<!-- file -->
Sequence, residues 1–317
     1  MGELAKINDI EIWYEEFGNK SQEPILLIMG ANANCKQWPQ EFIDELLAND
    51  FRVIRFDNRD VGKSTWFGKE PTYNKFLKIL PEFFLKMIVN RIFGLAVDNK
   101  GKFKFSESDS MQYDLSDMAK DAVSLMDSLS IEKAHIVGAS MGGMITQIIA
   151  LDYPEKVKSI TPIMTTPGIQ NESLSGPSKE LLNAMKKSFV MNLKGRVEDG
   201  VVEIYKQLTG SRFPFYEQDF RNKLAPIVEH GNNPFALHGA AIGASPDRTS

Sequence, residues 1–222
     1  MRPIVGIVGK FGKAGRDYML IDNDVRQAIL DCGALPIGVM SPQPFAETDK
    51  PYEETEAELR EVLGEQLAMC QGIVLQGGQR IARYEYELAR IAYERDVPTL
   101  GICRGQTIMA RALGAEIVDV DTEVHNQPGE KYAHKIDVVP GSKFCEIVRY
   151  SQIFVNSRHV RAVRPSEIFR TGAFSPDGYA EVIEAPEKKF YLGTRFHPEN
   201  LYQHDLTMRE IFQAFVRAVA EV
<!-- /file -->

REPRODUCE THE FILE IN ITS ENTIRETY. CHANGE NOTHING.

Sequence, residues 1–317
     1  MGELAKINDI EIWYEEFGNK SQEPILLIMG ANANCKQWPQ EFIDELLAND
    51  FRVIRFDNRD VGKSTWFGKE PTYNKFLKIL PEFFLKMIVN RIFGLAVDNK
   101  GKFKFSESDS MQYDLSDMAK DAVSLMDSLS IEKAHIVGAS MGGMITQIIA
   151  LDYPEKVKSI TPIMTTPGIQ NESLSGPSKE LLNAMKKSFV MNLKGRVEDG
   201  VVEIYKQLTG SRFPFYEQDF RNKLAPIVEH GNNPFALHGA AIGASPDRTS

Sequence, residues 1–222
     1  MRPIVGIVGK FGKAGRDYML IDNDVRQAIL DCGALPIGVM SPQPFAETDK
    51  PYEETEAELR EVLGEQLAMC QGIVLQGGQR IARYEYELAR IAYERDVPTL
   101  GICRGQTIMA RALGAEIVDV DTEVHNQPGE KYAHKIDVVP GSKFCEIVRY
   151  SQIFVNSRHV RAVRPSEIFR TGAFSPDGYA EVIEAPEKKF YLGTRFHPEN
   201  LYQHDLTMRE IFQAFVRAVA EV